Rituals come in every conceivable shape, from months-long ceremony to quick bathroom prayers. To my mind, a great ritual has three properties:
- It’s as lean as it can be.
- Anyone can do it.
- It can be explained in seconds and makes complete sense.
When Elisabeth Wingerter told me about her Yule ritual, it instantly ticked all three boxes and I asked if I could share it, because it’s incredibly simple, and its brilliance is in its simplicity.
Whether it’s Yule or Winter Solstice to you, it’s the darkest day of the year, among a long string of dark days. It is a day full of import, physically and metaphorically. Humans have been celebrating, lamenting, and otherwise marking its passage for millenia, and the first thing I liked about Elisabeth’s ritual is that it calls on our first elemental ally, fire.
The ritual is described thus: You think of everyone you care about, everyone you can think of, even remote aquaintances, and you carve their names into tealights, which are then lit. That’s it. That’s the ritual.
That may not seem like much of a revelation, but I want you to think about the year you’ve just had. Think of what you’ve been through. Think of all the people you worry about, and want protective warmth to cover them.
The second thing I liked is that it’s a meditation on our human connections. We slow down and think about everyone, and what they mean to us. We have to sit with how we feel about them. And then, we honor them.
“To go through the process of carving every name and remembering every person, and then there they all are, ablaze together.” Elisabeth said.
You make a decision to invest in them, and in turn they light and warm you with their collective energy. Physical, thermal energy you can feel on your face at the end of a year where you’re probably feeling very isolated and missing a lot of people. Maybe you’ve even lost some people and long to bring the back into your world, just for awhile.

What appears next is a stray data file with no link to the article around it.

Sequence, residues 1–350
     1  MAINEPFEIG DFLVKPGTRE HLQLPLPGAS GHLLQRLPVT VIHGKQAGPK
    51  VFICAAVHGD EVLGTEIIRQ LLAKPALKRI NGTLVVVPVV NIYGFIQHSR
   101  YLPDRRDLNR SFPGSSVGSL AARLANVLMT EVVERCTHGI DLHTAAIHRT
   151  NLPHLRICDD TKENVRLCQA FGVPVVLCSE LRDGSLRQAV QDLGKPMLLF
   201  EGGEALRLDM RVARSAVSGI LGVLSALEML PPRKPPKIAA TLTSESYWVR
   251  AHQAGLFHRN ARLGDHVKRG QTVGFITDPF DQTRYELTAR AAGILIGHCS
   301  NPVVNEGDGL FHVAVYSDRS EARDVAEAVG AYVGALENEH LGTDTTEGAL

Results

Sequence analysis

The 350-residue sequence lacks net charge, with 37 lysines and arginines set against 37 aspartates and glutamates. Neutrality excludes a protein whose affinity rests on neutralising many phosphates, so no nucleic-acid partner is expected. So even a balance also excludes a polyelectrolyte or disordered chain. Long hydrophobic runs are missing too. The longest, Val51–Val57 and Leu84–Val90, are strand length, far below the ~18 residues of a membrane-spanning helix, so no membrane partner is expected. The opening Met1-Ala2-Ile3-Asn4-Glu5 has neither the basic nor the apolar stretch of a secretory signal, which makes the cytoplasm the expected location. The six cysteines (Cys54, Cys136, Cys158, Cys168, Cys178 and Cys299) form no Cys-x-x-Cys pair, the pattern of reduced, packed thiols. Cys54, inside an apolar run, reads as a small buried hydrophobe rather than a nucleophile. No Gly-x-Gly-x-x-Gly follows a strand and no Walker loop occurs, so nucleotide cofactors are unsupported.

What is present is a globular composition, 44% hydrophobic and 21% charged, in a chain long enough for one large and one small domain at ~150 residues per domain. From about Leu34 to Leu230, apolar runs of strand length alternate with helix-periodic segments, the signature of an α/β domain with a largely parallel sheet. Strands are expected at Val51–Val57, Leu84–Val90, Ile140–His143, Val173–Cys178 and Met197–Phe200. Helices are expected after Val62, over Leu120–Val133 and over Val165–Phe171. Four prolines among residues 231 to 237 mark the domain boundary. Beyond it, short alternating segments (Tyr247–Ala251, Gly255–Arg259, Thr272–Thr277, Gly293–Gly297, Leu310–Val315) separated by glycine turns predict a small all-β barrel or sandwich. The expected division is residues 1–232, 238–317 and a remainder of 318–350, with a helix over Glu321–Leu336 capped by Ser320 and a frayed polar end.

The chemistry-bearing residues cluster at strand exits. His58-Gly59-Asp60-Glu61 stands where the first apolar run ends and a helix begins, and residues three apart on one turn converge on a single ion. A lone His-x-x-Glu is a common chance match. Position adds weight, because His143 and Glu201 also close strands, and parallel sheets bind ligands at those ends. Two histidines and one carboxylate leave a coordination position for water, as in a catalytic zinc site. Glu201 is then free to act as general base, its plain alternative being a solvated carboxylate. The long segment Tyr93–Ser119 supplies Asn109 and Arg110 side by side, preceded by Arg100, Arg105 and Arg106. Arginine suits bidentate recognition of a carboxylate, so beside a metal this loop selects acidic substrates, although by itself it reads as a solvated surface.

“It’s about unity and the human tribe against the darkness.”
Of course, one of the benefits of an incredibly simple template and the third thing I like about this ritual is that you can easily assign as much meaning as you want. You can arrange the tealights out from a symbolic center. You can group them physically.
You can skip the tealights and carve or write names on a pillar candle. You can do this for any configuration of people in your life you can imagine. You can extend it to include concepts on which you want to meditate and shine some loving light. You can send people pictures of their lights so they know you’re thinking of them, or you can keep it all to yourself and cherish it.
A great ritual will always be your ritual, and I thought this would make an excellent choice for a time of year when people are feeling isolated, means might be limited, and our time is at a premium.
Make a little magic for yourself and your loved ones, and remember that you aren’t alone against the darkness.
And thank you, Elisabeth, for being one of our lights, and a source of inspiration.